October 31, 2014

Myths about Martin Luther

As a former Lutheran, I know that many Lutherans like to remind the general American populace that today is not only Halloween, it's the day Martin Luther allegedly nailed 95 theses for discussion about church theology to a door in Wittenberg, Saxony.

Note that I used the word "alleged"?

That's because the 95 Theses story is largely myth. So are other things, like his alleged pledge, during a frightful thunderstorm, to become a monk, and he did not say "Here I stand" at the Diet of Worms.

Click here for a brief debunking of a these and a few other Luther legends.

And, that website isn't a bunch of atheists, or similar. It's a Luther history site from Germany.

Beyond that, the largest Lutheran denomination in the US rejects or questions some Luther myths, including the 95 Theses and the Here I stand.

Another non-atheist, and in fact quite Christian, site notes several apocryphal Luther quotes. Luther also likely never said he was down with being ruled by a "wise Turk" instead of a "foolish Christian," for example. Indeed, whoever actually coined the phrase may have done it as an aside or a dig at at Emperor Charles V.

And, speaking of that man?

Atheists aside, you will find plenty of Catholics today still spreading plenty of scurrilous myths about Luther.

Uh? That was 500 years ago. Get over it. What next, acting like Serbs over Kosovo?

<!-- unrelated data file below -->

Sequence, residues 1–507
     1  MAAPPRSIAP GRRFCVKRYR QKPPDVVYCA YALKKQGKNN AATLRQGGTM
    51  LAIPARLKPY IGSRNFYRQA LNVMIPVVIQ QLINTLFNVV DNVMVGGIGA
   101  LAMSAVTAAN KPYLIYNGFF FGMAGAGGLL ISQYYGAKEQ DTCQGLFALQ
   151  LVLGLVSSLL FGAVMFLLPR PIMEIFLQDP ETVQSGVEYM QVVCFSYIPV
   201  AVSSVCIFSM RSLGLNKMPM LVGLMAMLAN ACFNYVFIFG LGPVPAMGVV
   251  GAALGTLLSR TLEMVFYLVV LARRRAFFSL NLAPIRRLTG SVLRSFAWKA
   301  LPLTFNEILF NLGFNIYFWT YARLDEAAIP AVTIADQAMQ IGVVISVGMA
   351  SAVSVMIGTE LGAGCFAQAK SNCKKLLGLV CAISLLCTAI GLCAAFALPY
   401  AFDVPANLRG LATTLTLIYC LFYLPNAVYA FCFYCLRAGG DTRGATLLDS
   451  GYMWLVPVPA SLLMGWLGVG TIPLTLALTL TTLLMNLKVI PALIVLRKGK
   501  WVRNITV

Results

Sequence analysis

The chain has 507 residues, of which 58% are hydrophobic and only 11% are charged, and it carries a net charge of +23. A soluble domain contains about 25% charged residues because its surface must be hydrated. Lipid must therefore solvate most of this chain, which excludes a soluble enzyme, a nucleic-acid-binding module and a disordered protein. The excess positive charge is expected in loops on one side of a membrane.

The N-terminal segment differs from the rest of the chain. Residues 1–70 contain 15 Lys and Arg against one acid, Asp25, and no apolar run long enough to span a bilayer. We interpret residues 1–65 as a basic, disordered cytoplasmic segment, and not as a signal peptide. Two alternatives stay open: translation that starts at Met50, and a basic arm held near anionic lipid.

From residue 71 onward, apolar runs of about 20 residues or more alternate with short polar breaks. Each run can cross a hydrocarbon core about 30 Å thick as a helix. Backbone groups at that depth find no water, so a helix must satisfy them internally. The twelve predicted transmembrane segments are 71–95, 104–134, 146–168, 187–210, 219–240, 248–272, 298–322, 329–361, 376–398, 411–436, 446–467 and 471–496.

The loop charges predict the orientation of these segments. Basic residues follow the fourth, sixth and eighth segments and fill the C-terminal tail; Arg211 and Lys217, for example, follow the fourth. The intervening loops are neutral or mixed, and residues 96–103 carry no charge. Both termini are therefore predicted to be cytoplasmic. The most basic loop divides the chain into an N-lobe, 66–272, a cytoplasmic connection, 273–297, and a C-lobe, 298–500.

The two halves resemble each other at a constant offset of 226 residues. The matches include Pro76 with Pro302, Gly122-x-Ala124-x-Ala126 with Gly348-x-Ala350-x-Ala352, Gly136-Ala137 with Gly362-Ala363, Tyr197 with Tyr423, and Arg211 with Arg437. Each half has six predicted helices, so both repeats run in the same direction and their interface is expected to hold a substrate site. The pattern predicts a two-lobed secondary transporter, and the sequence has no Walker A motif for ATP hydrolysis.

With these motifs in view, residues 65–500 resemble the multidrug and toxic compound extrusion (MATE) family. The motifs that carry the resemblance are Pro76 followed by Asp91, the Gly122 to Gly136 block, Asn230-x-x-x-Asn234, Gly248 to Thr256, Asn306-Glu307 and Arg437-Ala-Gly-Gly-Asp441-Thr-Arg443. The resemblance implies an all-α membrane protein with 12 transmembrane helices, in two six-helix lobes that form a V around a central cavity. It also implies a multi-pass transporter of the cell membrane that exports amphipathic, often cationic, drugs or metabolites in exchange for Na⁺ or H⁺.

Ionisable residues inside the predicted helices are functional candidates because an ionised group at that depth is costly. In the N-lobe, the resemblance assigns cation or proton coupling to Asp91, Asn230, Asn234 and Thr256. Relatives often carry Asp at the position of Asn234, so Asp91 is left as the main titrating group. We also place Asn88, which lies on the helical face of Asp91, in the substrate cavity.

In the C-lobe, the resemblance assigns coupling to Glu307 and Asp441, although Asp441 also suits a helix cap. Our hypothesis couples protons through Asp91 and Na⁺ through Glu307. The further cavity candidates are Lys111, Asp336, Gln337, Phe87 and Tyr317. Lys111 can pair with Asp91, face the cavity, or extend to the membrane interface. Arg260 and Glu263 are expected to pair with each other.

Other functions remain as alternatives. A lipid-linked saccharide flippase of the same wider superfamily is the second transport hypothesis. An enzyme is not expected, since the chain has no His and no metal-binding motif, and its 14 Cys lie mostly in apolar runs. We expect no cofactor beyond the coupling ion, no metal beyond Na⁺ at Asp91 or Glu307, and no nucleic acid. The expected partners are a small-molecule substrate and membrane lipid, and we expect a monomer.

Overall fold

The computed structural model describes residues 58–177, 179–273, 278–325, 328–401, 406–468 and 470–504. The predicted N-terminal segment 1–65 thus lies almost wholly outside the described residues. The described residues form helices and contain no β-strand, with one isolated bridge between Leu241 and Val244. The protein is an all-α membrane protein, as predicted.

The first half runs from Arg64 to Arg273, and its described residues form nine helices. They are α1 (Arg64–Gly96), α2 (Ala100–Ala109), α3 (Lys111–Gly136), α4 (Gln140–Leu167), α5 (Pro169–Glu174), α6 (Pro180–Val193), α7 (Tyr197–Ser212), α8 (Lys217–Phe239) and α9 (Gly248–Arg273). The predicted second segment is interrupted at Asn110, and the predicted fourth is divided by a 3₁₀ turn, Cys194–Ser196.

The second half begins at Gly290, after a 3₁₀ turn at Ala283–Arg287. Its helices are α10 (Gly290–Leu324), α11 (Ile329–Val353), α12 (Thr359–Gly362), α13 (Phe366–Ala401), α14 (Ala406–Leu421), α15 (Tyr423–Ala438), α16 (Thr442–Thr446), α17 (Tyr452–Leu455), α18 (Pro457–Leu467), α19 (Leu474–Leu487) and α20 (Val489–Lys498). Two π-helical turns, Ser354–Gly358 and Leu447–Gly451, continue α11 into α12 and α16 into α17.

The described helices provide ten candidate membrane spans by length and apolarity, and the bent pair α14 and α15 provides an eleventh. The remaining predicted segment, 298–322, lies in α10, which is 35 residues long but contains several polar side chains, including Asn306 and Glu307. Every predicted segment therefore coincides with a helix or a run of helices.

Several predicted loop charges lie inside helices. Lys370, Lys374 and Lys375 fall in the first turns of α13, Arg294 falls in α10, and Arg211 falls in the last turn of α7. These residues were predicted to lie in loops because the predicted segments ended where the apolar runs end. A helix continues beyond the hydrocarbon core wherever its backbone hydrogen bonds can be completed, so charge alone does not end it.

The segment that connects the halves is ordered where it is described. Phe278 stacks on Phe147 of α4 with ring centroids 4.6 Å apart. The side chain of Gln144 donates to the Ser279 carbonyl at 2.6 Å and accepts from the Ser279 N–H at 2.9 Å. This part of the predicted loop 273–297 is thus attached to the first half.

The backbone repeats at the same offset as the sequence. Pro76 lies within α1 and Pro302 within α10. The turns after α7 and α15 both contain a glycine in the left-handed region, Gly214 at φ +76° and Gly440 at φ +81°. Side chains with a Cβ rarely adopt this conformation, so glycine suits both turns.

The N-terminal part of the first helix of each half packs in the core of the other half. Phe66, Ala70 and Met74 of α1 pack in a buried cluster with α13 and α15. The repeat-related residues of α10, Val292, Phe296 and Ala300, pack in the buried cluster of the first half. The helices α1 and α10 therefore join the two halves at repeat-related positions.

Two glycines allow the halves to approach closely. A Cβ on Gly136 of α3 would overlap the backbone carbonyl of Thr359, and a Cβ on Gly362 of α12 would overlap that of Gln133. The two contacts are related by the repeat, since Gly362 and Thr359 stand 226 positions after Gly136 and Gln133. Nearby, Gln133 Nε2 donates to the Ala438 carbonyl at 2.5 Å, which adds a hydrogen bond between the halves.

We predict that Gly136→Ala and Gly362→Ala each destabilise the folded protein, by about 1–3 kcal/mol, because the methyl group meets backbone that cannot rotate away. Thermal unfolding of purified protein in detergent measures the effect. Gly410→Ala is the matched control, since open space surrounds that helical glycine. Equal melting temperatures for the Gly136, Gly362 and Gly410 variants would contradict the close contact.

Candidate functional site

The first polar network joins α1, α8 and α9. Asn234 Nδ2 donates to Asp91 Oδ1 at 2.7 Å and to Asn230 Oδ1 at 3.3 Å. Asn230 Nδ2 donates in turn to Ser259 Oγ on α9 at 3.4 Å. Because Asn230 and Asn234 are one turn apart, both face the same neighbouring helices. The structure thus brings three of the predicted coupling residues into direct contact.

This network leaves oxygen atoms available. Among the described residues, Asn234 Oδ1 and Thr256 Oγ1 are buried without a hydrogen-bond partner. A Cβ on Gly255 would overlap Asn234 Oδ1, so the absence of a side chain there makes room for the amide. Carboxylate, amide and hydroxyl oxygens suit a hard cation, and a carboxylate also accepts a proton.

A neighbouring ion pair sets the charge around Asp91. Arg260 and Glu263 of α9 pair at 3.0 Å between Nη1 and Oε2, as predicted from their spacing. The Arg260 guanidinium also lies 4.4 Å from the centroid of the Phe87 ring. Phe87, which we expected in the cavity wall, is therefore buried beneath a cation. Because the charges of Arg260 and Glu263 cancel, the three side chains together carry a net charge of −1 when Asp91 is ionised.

Speaking of that part of the European world? I love theologians of the Orthodox tradition using this time of year to often embrace some snooty superiority over both Catholics and Protestants. Really? Your multi-generational wars over iconoclasm vs iconodoulia haven't taught you better?

As to what Luther DID say?

Well, it did include some of the most scurrilous anti-Semitism this side of Adolf Hitler and the Russian-crafted Protocols of the Elders of Zion. Speaking of "that person," many Lutherans in America, especially of the conservative wing in which I grew up will still try to minimize the vileness of what Luther said, and how much or how little effect it had on Nazism.

Well, it was quite vile, and it was widely quoted by the Nazis.

And, per the "500 years" quote, skeptics of various stripes will want to keep up their guard in the next three years until it's technically exactly 500 years and not 497.

As for the background of his violence-laden invective against Jews? Most people think it was confined to the latter years of his life, and his apologists use this, and his health issues then, as an excuse.

Not true. As Michael Massing notes in his great new "Fatal Discord," a parallel dual biography of Luther and Erasmus which is reviewed here, Luther was already expressing such thoughts in his pre-95 Theses lecture notes on the book of Psalms, right in the mix of the Reuchlin-Pfefferkorn controversy.


Anonymous said...

The "fringe within the fringe" (to quote you in SciSal) salutes you.
My "Luther, Hitler, Unelected" show where Hitler came from:

Gadfly said...

Well, we'll disagree on mythicism, but not on everything. With German reunification, unlike with the 450th anniversary, I suspect 2017 will not be too big of a deal in German. Here in the States, though, I suspect much differently.